A vaccination rate of 93 per cent is basically the jab equivalent of 5 per cent jobless being “full employment”. At that stage, once you’re stuck at a number, the vaccine pass has clearly little real practical effect on convincing people to get jabbed.
The minute the system stops being practically beneficial, and instead starts to look like a way of directing resentment towards people who chose not to be vaccinated in the first place, then we ought to robustly question what we are doing here, and why.
I am firmly among the majority of people in this State who believe it is a stupid decision by any individual who chooses not to get vaccinated without a compelling medical reason such as an allergy or a material risk of a reaction.
Most people who say they refuse the vaccine because they are worried about the impact on their health are not being entirely honest – they do it out of stubbornness because Covid is clearly a bigger risk to their health. I cannot prove in a court of law that as their motivation but it is what my wits tell me, nine times out of 10.
To refuse a vaccine as an act of defiance in some tiresome culture war is truculent, selfish and juvenile. I believe it is also crass stupidity. But ultimately I have to accept that people have the right to make decisions that I think are stupid.
It should not go unnoticed that the European position is now a good deal more hardline than the one so far enunciated by our own Government
Importantly, they also have as much right as I to participate normally in society in the long term once we’ve moved beyond acute crisis mode and are getting on with things as best we can. The status quo on passes can’t be permanent.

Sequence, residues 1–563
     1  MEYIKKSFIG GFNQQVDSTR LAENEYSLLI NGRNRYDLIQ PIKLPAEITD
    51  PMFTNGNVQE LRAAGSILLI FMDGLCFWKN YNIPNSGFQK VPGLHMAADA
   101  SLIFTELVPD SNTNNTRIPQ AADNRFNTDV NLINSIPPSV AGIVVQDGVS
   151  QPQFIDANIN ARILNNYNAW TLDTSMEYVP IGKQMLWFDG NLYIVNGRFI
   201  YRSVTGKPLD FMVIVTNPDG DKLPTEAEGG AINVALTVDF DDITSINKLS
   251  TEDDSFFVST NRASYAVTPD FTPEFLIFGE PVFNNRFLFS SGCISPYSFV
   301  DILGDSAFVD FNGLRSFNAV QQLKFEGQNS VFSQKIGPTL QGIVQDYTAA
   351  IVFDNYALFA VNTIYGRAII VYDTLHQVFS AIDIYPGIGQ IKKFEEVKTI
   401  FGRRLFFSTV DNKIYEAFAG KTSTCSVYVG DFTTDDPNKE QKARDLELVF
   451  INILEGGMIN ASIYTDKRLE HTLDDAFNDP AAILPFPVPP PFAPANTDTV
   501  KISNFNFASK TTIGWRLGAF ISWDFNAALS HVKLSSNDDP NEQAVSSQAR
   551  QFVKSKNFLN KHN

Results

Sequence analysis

It is imperative that the Government spends time and serious effort now on devising a credible strategy for how the vaccine pass system, as a prerequisite for engaging in everyday commerce, eventually can be discontinued.
There is no point in Ministers expressing their regret and promising that they will end the pass system “soon” if they have’t a bog’s notion as to how that might be achieved. Are we to maintain the pass system for years? Because unless we think seriously about an alternative, that’s where we’re headed by default.
There is another fly in the ointment. We have based our entire vaccine pass system on the EU's Covid certificate, which was designed by the European Commission. The commission now wants the certificates to automatically expire nine months after every shot.
That suggests the system will be deployed robustly by European authorities to bring citizens back repeatedly for booster shots for as long as the virus persists. That might make sense to public health doctors, but it is also a massive dose of mission creep when you compare it to the arguments that were advanced for the initial introduction of the certificate.
It should not go unnoticed that the European position is now a good deal more hardline than the one so far enunciated by our own Government, although it has deftly hinted at going that way – we’re hardly going to accept invalid EU certs in this country.
But Ireland should be careful about being led by the nose on these issues by the European Commission. This is the same body whose leader Ursula Von Der Leyen recently expressed support for mandatory vaccination for everybody. That really must be a red line.